PRINCETON, N.J., Sept. 7 /PRNewswire/ -- GE Healthcare announced today that results from its multicenter phase 2 study of flutemetamol were published in the September issue of Annals of Neurology. Flutemetamol is an investigational positron emission tomography (PET) imaging agent being developed by GE Healthcare, in the field of brain imaging.
The purpose of the phase 2 study was to investigate the efficacy of flutemetamol in differentiating between patients with clinically probable Alzheimer's disease (AD) and cognitively intact healthy volunteers (HVs). The primary endpoint was the efficacy of blinded assessments of flutemetamol binding to Beta-amyloid, the major constituent of amyloid plaque, which is a pathological hallmark of AD. In the study, subjects with a high probability of amyloid (27 AD patients) and a low probability of amyloid (25 healthy subjects) underwent PET imaging with flutemetamol. Five independent image readers, each blinded to the subject's clinical status, separately decided if each subject's image corresponded to normal or raised amyloid levels. The accuracy of image assessments was determined by comparing them to the subjects' clinical diagnoses. In addition, 20 subjects with a memory disorder known as mild cognitive impairment (MCI), which may represent a pre-dementia stage of AD, were enrolled and imaged with flutemetamol.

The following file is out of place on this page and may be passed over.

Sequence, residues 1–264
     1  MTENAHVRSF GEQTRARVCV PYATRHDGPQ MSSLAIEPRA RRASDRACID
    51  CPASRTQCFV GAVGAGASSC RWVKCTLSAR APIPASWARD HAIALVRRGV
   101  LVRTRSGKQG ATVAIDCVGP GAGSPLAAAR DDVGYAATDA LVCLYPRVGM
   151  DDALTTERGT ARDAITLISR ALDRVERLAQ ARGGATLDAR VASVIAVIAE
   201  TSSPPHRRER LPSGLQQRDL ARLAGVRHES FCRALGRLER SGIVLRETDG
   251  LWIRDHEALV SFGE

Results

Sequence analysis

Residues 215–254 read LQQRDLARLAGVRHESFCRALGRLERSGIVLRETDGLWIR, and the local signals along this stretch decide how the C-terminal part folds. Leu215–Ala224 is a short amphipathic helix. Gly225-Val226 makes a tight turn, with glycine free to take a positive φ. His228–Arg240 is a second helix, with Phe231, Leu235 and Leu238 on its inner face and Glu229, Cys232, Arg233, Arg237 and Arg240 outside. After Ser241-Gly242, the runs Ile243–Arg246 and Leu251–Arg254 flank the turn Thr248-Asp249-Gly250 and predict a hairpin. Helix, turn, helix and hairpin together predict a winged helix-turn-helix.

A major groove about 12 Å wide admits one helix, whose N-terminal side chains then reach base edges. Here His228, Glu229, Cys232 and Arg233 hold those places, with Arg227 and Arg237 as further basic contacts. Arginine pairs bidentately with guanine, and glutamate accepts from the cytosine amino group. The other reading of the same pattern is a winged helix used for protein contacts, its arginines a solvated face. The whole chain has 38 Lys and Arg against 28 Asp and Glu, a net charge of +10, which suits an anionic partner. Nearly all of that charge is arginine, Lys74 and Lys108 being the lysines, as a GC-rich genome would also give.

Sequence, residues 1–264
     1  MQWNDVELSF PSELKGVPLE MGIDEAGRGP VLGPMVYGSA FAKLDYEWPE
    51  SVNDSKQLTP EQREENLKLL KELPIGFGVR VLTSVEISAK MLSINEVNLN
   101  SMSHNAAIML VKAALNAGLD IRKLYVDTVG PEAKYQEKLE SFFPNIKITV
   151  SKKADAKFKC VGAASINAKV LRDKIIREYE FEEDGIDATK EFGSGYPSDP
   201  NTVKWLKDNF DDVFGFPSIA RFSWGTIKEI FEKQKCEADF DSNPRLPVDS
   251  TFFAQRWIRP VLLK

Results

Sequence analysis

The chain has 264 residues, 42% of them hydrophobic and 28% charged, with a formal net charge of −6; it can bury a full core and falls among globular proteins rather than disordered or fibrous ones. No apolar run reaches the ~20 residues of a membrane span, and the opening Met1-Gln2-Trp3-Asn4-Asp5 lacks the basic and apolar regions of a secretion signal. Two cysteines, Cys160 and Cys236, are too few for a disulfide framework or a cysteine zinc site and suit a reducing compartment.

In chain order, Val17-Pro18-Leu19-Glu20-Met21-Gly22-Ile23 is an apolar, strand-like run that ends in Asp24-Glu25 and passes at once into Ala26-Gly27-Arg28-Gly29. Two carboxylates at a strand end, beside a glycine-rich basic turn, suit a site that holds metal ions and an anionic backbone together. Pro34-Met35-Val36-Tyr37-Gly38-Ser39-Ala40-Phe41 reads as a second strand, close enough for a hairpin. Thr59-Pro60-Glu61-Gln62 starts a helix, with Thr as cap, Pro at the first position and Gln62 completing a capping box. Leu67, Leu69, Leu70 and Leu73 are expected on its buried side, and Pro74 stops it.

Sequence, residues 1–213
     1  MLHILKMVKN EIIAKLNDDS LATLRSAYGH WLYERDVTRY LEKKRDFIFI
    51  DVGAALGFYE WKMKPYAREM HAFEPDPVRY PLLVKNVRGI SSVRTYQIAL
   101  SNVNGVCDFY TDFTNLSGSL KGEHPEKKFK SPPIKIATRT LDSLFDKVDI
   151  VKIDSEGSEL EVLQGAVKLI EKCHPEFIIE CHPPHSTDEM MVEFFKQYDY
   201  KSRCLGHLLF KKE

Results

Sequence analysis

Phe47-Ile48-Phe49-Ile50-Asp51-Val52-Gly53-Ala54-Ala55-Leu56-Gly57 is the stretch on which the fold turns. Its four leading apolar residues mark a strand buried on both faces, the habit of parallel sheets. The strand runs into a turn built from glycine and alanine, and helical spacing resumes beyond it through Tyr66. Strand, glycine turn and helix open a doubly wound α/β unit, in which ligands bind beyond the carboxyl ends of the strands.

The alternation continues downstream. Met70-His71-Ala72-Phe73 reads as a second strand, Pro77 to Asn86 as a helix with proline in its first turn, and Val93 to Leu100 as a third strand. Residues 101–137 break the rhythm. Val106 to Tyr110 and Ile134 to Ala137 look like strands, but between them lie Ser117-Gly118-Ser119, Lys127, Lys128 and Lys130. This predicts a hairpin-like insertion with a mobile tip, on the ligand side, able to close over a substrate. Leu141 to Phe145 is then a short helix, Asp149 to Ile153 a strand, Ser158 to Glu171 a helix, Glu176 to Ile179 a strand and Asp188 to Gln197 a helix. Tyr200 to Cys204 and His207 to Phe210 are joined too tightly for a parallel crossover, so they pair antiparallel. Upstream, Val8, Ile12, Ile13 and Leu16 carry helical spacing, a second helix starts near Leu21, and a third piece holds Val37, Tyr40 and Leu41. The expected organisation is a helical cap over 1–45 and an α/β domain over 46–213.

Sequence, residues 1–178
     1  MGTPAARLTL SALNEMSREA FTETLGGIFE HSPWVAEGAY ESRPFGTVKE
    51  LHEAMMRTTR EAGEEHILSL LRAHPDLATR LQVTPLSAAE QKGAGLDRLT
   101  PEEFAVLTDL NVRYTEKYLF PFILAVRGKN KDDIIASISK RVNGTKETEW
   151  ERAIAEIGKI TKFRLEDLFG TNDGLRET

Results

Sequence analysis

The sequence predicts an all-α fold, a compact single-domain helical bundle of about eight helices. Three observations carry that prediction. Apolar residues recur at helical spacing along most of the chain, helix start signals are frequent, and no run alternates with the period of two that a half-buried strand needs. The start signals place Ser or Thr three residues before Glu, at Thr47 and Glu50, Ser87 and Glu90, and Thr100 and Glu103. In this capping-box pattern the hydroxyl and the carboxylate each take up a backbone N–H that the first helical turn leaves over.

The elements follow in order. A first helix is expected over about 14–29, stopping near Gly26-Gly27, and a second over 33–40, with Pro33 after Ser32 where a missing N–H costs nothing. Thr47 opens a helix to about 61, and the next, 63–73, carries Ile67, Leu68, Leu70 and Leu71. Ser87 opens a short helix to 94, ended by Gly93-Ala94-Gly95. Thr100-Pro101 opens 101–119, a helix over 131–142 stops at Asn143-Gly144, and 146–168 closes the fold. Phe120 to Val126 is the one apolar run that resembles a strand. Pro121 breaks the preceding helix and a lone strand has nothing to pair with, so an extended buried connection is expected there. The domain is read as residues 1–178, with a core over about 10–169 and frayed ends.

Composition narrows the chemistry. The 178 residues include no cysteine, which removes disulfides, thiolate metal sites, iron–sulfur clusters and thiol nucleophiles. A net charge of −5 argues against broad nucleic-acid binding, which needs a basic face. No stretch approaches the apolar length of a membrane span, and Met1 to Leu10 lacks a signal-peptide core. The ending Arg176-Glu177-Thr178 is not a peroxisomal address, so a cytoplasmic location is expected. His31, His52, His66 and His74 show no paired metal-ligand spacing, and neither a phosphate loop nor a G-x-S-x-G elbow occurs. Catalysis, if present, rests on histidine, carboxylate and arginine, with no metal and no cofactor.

The image readers found that scans from 25 of the 27 AD patients displayed elevated flutemetamol uptake, as did 1 of 15 HVs who were older than 55 years, corresponding to a sensitivity of 93.1% and a specificity of 93.3% against their clinical diagnoses. In the group with MCI, visual inspection revealed raised binding of flutemetamol in 9 of 20 subjects. Test-retest reliability was very high when subjects underwent repeat scanning after 7 days. Additionally, comparable uptake ratios were seen when compared to 11CPIB of which flutemetamol is an analog.
"These data show that flutemetamol ex
|SOURCE GE Healthcare|
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